In a week where Liz Cambage is hobnobbing with playoff-bound Kevin Durant, Kayla Pedersen isn't grabbing headlines yet.
But in another month, don't be surprised to see Pedersen's name sharing the Tulsa Shock headlines. Pedersen, the seventh pick in this season's WNBA draft, has the potential to be a household name - just like Larry Bird.
What, you ask? Well she's starting her professional career with some high praise and a lofty comparison from the man who will direct her on the floor.
"I love Pedersen," Tulsa Shock GM and head coach Nolan Richardson said. "You know one of my favorite players of all times was Larry Bird, and he did all the little things that people don't really see. And that's what I saw in Pedersen.
"She's 6-4, she can play out on the floor, she can play inside, she can run the floor, and I call those kind of players a fix-it player. She can fix things that break down. You just don't see the talent that this lady has."
She'll have plenty of opportunities to prove her fix-it abilities with a team that led the league last year in losses. For Pederson, her pure versatility and ability to play any position on the court at any given time will be a fix in itself.
She was quiet when she came on the screen as she was conferenced-in to the draft-day party hosted by the Shock.
"[The skills I will bring to Tulsa is] I think just a hard work ethic and my versatility," Pedersen said with a smile. "I'm going to be a great teammate and perform my role."
A hard work ethic is exactly what she put in during her four seasons at Stanford. She started all but one game for the Cardinal in her career. She broke the Pac-10 rebounding record in her final night against the eventual champions from Texas A&M. Pedersen blossomed into a key cog in Tara VanDerveer's program that has been a Final Four mainstay.
Her exceptional play had an opportunity to get lost on a team with the Ogwumike sisters and fellow draftee Jeanette Pohlen. But that's not to say that her game is silent or her role small. Pedersen ended her high school days as a McDonald's all-American and ended her time for the Tree as a two-time all-American honoree, among other conference awards and accolades.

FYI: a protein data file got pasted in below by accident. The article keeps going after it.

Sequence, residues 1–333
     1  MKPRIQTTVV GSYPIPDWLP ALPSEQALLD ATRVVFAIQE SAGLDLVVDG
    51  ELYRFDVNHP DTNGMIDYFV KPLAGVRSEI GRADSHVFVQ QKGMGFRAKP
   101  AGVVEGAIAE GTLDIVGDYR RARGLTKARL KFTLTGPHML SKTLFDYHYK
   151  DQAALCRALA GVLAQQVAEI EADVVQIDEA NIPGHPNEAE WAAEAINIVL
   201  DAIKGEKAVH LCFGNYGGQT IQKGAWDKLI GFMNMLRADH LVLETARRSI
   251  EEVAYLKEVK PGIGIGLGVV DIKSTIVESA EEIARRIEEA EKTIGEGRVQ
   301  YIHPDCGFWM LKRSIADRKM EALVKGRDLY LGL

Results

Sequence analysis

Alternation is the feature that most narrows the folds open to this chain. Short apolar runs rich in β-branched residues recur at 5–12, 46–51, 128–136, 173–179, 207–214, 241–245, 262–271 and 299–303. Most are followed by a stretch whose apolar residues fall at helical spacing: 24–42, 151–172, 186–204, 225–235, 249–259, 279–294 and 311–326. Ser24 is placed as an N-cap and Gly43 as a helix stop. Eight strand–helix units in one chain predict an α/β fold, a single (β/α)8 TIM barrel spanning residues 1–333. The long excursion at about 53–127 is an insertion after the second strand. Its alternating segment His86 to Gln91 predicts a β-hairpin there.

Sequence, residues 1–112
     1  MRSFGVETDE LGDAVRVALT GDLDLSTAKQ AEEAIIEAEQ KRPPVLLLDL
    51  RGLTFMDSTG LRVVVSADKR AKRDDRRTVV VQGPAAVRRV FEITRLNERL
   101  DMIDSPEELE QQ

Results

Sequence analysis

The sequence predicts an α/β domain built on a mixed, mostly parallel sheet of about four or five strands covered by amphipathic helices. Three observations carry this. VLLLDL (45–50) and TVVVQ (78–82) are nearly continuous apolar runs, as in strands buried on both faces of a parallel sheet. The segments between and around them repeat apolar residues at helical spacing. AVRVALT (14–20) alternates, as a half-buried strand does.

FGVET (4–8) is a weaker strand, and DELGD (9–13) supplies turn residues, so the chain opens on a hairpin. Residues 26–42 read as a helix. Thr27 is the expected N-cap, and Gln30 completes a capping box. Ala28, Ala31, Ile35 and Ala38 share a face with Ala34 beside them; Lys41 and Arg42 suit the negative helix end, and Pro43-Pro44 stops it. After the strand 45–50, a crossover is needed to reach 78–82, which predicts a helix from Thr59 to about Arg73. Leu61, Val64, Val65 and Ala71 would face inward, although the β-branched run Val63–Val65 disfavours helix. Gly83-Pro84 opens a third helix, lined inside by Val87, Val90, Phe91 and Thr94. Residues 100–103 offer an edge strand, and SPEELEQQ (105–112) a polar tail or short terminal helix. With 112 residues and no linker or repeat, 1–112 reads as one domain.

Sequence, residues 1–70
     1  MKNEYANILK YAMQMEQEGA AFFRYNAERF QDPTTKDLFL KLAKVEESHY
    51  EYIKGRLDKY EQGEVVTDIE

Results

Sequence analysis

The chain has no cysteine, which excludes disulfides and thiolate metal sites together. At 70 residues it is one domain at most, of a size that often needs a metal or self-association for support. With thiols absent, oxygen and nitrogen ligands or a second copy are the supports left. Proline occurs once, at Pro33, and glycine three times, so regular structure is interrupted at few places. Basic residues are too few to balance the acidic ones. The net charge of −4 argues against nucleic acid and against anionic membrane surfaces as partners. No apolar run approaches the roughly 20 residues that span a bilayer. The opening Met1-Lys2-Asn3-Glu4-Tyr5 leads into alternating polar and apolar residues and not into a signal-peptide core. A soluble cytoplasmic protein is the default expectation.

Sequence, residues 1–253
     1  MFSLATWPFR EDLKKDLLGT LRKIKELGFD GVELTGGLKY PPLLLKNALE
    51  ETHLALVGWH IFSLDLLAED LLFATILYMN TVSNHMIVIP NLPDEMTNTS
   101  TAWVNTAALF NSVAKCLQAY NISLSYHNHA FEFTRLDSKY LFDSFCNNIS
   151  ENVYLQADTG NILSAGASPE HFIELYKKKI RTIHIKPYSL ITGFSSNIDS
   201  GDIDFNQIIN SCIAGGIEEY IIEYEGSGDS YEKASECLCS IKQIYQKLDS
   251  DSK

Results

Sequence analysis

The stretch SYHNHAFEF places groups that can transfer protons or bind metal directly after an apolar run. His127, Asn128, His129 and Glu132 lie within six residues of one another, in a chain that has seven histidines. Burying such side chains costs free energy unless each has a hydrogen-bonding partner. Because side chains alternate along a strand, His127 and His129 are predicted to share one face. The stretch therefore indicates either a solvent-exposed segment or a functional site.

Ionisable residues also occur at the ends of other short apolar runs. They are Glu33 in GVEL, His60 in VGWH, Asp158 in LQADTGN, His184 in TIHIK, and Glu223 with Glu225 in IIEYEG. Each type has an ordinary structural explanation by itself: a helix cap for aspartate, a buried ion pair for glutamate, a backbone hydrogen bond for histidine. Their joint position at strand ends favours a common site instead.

In Nate Parham's draft analysis of which teams got the most value for their picks, he suggests that potentially the "best all-around collegian in the draft" could prove to be productive in the Tulsa system. More lofty words for a player in a draft class that includes the likes of Maya Moore and Pedersen's new teammate Liz Cambage.
If a player like Baylor's Melissa Jones was the ultimate college glue player - the second-most valuable player on Baylor statistically despite less fanfare than she deserved - then Pedersen has a good chance to become that in the pros. There is very little the 6'4" Pedersen can't do on the court offensively or defensively. Against Texas A&M in the Final Four, she did everything from bringing the ball upcourt against the Aggies' pressure defense to blocking shots under the basket to setting up Nneka Ogwumike in the post.
Richardson went to Bristol with a plan and he executed that plan exactly as it was written.
"To tell you the truth to be able to get Cambage and Kayla, which is what I came here to try to do - it was rewarding to make sure that those two players, that we were able to get those two players," Richardson said. "If you look at the pieces that I came after, it was the first time that I had the opportunity to try to get the kind of players that I would need to play in the system that I try to teach."